Developing content knowledge for BOTH partners in the conversation

Talk in partners, then talk in groups — not just sharing facts, but using strong thinking skills —

Video of another partnership — think about larger categories — how they agree, how they disagree — how they clarify and the conversation and idea building happen —

Generate big ideas to take away —

Create big idea pages for each unit of study in Sci or SocST — kids will find recurring big ideas across units, time periods, cultures, places etc.  Also creates thesis statements for kids to quick-write essays

Ways to assess –

we want kids to see the complexity —

“it was a time of ___, but it was also a time of ______”

re-sort their information into new categories

sort into bigger idea statements as categories

create quick posters or charts that amass the sort

product comes out of what the learning has been — we don’t teach to the product

dramatizations of key events while also articulating big ideas

Essays — longer project — pieces must happen along the way , NOT stop to build the project

Relevance of History to today — it sill exists — whatever it is that you’re studying in that time period — it still exists today — in some form, in some way

We want kids to be participants in democracy — they need to be able to see it and recognize it — only then can they decide to do something about it.



TC Content Area Institute: Kathleen Tolan — Large Group Session 3

Yesterday you looked a photos through different lenses — how they can give you clues as to what is really going on

Close reading of text is a parallel process — transfer the skills from content area reading of photos to the close reading of text in reading workshop

how to analyze an object or photo against another

— compare/contrast (we say them together like that and kids often think they’re together as one thing — they’re not — they are options.  You can compare something — find the similarities — or you can contrast — find the differences

What do you actually do when you compare or contrast?   Put synonyms around it to help kids understand

provide thinking frames at different levels of thinking

put this alongside text features — kids can say them, identify/label them but still not use them.  Same with similarities and differences.  There must be a “so what”

Raising questions to think more deeply —-> more sophisticated thinking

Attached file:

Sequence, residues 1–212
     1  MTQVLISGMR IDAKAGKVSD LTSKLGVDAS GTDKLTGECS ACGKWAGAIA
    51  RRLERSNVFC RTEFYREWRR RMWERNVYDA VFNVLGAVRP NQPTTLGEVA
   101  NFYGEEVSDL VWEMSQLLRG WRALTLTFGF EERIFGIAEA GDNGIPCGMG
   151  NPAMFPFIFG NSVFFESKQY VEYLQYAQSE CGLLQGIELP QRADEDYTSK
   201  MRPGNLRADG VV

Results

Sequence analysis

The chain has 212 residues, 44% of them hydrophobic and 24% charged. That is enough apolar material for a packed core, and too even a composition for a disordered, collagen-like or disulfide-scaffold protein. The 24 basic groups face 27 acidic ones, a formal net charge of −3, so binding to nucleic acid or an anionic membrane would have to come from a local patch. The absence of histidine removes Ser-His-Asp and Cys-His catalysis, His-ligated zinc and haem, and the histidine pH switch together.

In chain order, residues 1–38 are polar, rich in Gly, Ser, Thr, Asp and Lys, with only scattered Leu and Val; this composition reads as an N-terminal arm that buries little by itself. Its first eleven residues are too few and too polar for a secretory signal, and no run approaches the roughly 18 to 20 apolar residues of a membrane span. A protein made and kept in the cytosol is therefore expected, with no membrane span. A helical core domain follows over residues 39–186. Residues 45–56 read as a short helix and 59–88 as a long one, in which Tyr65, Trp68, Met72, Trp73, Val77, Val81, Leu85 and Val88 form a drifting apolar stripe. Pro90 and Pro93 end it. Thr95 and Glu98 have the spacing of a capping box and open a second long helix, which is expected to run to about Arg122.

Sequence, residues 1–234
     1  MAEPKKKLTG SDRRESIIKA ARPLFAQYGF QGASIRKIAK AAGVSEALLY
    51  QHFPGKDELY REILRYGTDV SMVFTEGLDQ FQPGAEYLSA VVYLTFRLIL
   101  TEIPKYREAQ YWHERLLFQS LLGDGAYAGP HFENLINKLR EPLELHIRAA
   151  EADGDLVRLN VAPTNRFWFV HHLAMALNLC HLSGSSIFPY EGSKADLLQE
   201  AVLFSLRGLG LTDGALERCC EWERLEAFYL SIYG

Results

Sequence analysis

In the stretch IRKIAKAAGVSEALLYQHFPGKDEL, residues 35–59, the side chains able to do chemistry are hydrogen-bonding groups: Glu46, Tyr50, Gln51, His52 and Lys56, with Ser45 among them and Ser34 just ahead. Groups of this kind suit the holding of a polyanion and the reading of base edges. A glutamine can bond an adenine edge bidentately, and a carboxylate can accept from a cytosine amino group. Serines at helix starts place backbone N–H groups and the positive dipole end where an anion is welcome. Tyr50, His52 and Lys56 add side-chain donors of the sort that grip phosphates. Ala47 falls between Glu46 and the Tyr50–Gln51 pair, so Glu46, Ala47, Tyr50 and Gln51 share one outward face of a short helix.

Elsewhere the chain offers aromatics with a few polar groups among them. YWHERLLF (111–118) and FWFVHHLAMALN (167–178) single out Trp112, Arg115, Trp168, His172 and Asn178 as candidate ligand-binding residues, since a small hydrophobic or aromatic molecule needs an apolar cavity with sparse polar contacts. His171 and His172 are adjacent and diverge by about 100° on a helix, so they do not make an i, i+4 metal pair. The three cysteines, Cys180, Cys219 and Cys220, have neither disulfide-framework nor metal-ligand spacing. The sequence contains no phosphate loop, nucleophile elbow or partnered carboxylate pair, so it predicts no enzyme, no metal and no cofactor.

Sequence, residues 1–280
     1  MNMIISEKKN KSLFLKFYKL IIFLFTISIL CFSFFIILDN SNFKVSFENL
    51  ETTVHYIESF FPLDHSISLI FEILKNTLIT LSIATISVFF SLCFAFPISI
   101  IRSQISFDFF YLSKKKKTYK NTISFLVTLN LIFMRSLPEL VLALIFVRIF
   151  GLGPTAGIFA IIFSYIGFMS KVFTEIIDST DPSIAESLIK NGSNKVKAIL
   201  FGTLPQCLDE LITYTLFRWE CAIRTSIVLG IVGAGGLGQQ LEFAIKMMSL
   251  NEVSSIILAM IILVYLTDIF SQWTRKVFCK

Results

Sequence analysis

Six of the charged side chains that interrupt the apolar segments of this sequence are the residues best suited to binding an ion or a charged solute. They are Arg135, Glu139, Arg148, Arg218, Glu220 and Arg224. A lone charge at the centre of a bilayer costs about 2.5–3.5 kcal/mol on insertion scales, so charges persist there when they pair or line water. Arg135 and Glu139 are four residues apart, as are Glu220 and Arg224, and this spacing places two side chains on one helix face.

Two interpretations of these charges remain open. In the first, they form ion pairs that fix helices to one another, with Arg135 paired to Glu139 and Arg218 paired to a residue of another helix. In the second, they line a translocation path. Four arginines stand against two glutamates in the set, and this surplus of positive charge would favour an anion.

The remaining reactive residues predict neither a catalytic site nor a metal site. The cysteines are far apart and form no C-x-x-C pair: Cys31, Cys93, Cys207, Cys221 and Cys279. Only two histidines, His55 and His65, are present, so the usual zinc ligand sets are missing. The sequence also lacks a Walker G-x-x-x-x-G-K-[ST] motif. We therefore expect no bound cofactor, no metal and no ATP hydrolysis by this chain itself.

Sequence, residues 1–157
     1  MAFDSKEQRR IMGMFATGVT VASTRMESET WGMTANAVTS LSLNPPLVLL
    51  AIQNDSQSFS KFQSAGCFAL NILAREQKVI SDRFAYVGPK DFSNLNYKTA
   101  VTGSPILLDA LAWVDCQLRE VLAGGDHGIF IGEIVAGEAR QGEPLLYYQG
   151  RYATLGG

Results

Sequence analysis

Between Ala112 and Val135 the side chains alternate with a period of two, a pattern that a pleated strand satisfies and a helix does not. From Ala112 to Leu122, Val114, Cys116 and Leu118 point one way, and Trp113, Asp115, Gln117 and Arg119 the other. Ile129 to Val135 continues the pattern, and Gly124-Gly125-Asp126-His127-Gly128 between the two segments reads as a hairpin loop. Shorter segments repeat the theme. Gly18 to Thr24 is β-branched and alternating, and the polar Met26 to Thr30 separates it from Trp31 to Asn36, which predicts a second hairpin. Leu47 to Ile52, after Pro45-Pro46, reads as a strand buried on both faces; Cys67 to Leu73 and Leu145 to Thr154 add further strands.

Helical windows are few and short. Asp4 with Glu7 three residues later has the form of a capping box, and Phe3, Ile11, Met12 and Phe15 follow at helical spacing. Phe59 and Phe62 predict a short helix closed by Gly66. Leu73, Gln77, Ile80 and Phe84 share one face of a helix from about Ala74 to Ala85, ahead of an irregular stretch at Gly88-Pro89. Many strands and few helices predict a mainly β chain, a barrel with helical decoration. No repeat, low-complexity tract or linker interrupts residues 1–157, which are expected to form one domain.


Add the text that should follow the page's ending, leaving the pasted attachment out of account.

focus on transference to independence

Find a definition or way of close reading that fits the purpose — if you’re reading the Gettysburg Address — why are you reading it?  Then your close reading will more likely achieve your purpose.

Demonstration and then gradual release toward student independence

Carefully delineate small groups vs whole group instruction — Avoid doing the work of the lower level small groups as the whole group work.  The kids all know something — find out what it is and build upon it.

Photo analysis — one minute just looking — no talking or notes  — then quick notes — make clear – you need to bring forward what I’ve taught you about analyzing photos. — Bring what you’ve learned elsewhere in our study to the analysis of this photo — what about last year in the study of XYZ or in our study of ABC earlier this year — bring that learning and lens for thinking forward as well.

In what ways do we see this carried through to today?

Move upper grade thinkers toward symbolism and metaphor as ways of thinking about things —- “This could come to symbolize…”

This is why some photos become iconic – they symbolize larger ideas

Then slide the work over to reading materials — look for symbolic scenes or moments or objects as you read.

Non-Fiction Reading Skills

read passage — stop to identify clues as to how the text is organized — then carry that forward to better comprehend what you’re about to read

Cause and effect is the number one structure in history text — History is all about one thing causing another, which leads to another….